American League Vs. National League[edit]

There are two leagues in baseball, the American league, and the National League. A key difference between the two is that the American league has something called a designated hitter (DH). The DH is basically a batter that hits for the pitcher so basically he never plays defense but is huge offensive source, meanwhile the National League demands that the pitcher hits in the lineup unless they are pinched hit for meaning they are taken out of the game so a good hitting player can replace them at their at bat[4]. Although this means that a new pitcher must be put into the game once the inning ends. The importance of the DH in the American league is high because it is usually one of the top hitters that acts as the DH. It is a trend that the DH is either in the cleanup spot or the 3rd  and 5th spot in the lineup. This is taken away when there are inter league games when the National League team has home field advantage, meaning the American abides by their rules including getting rid of the DH.



There are many examples of batters that have excelled in the cleanup spot of the lineup. These batters have left a mark on contemporary baseball and helped it evolve into the game it is now. One example of a cleanup hitter is Albert Pujols[5]. He is considered as a candidate for baseball’s hall of fame due to his immense contributions to his team as a cleanup hitter. Albert is also known as “The Machine” which originated due to his power and runs batted in (RBI) statistics. He has bounced around between the three spot and the four spot as a hitter in his career. He currently plays for the Los Angeles Angels and bats as the DH in the cleanup spot regularly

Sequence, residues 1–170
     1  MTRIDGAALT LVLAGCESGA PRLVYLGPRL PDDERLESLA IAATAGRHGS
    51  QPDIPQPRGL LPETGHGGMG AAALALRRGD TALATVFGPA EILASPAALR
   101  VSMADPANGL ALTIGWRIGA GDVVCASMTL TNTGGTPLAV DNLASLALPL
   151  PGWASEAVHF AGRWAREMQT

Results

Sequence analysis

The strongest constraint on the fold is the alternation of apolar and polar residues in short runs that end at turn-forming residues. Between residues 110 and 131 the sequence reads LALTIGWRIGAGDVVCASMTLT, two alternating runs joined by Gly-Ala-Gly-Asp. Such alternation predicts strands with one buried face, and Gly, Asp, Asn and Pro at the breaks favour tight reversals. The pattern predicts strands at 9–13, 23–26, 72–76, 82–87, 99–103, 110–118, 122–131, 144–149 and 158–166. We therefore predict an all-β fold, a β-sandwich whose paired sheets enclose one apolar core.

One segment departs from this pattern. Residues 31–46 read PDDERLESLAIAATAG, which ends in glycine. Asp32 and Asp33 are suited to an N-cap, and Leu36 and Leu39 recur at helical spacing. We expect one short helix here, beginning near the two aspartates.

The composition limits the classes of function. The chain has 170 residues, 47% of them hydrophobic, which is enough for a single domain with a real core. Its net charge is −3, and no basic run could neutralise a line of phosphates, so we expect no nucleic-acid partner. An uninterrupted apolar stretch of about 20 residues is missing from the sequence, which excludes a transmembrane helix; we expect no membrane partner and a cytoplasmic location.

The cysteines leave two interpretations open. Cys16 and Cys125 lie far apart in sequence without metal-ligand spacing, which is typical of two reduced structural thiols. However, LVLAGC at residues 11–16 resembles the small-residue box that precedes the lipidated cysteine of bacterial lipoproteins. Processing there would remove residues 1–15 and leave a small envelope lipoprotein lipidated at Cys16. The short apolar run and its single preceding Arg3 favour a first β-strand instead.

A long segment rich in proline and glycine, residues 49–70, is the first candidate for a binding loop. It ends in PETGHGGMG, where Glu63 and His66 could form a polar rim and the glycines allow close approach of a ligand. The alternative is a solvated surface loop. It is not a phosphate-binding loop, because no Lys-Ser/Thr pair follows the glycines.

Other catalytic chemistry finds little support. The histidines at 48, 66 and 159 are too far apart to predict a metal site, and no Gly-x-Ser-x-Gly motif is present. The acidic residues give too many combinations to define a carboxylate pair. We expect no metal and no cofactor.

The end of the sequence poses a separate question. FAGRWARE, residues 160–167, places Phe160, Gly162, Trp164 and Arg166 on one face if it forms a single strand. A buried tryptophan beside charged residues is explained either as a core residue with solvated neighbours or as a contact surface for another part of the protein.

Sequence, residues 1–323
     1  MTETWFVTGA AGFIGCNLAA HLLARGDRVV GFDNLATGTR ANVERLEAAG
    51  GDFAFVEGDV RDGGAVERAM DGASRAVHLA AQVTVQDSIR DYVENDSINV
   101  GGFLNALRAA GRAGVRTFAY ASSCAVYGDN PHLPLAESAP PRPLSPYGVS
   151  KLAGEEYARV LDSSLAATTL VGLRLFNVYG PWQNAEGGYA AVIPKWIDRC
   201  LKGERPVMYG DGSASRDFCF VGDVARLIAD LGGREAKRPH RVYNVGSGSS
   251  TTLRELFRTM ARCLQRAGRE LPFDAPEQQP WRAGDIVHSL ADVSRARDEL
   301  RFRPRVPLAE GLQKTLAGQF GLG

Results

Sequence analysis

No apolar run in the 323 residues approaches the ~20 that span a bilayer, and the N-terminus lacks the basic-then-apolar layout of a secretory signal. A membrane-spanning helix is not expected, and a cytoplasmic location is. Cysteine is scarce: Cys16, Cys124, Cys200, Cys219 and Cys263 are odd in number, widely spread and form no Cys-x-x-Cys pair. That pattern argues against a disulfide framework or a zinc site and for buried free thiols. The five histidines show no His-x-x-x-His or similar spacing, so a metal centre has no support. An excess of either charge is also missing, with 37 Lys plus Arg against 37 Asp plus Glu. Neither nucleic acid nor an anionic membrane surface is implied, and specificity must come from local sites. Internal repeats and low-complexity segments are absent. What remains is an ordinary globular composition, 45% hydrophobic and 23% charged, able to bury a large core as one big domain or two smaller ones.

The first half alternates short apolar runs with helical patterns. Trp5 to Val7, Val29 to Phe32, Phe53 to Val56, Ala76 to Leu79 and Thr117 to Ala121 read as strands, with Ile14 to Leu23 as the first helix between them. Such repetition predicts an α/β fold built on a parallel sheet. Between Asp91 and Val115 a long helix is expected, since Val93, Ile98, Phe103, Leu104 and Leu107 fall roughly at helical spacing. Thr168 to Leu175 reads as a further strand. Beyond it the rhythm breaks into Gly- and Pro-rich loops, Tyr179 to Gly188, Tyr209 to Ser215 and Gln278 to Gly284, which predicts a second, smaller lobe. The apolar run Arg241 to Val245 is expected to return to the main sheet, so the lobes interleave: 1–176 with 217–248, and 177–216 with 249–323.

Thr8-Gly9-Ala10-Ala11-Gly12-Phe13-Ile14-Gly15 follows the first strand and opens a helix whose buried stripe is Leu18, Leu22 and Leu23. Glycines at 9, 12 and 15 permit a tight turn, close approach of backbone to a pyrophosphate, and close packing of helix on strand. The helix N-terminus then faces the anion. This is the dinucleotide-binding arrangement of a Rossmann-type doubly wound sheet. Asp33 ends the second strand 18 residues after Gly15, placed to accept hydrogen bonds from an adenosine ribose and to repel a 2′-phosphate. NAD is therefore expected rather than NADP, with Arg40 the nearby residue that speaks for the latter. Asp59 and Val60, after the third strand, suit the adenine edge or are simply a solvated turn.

Another example of cleanup hitter is Barry Bonds. Barry Bonds became one of baseball’s intimidating batters due to his immense power. He has a career total of 762 home runs, 1,440 extra base hits and falls fourth in the all-time RBI leaders with 1,996 RBI’s[6]. although his career is very controversial due to the steroids scandal[7]. He has many awards in his career that fit the trends of a cleanup hitter.

Clean Up Batter Examples[edit]

Here is a small list of more Cleanup Batters that have made a name for themsleves due to their role as a clean up hitter and strong offensive force for their team[8].

Adrian Gonzalez

Reggie Jackson

David Ortiz (Big Papi)

Evan Longoria

Babe Ruth

Mark McGwire

Lou Gehrig

Evan Gattis

Mike Napoli

Adam Jones

Jed Lowrie

Yoenis Cespedes[9]


  1. ^ Kalkman, Sky. "Optimizing Your Lineup By The Book". 
  2. ^ Tango Dolphin Lichtman, Tom M Andrew E Mitchel G (2014). The Book: Playing the Percentages in Baseball (Playing the Percentages in Baseball). Createspace Independent. pp. 398 pages. ISBN 9781494260170. 
  3. ^ Keri Click, Jonah, James (2006). Baseball Between the Numbers: Why Everything You Know About the Game Is Wrong. Basic Books. pp. 1–57. ISBN 9780465005963. 
  4. ^ Brinson, Linda. "Whats The Difference between the american and national leagues?". 
  5. ^ "Albert Pujols".  |first1= missing |last1= in Authors list (help)
  6. ^ "Career Leaders For Runs Batted In". Baseball Almanac. 
  7. ^ Morosi, Jon Paul. "New cleanup trend on display on Opening Day". 
  8. ^ Wood, Robert. "Top 10 Clean-Up Hitters In Baseball". 
  9. ^ Whitehead, Bill. "Mets Cleanup Hitter Cespedes Clears It Up: He Wants the Ring". USNews.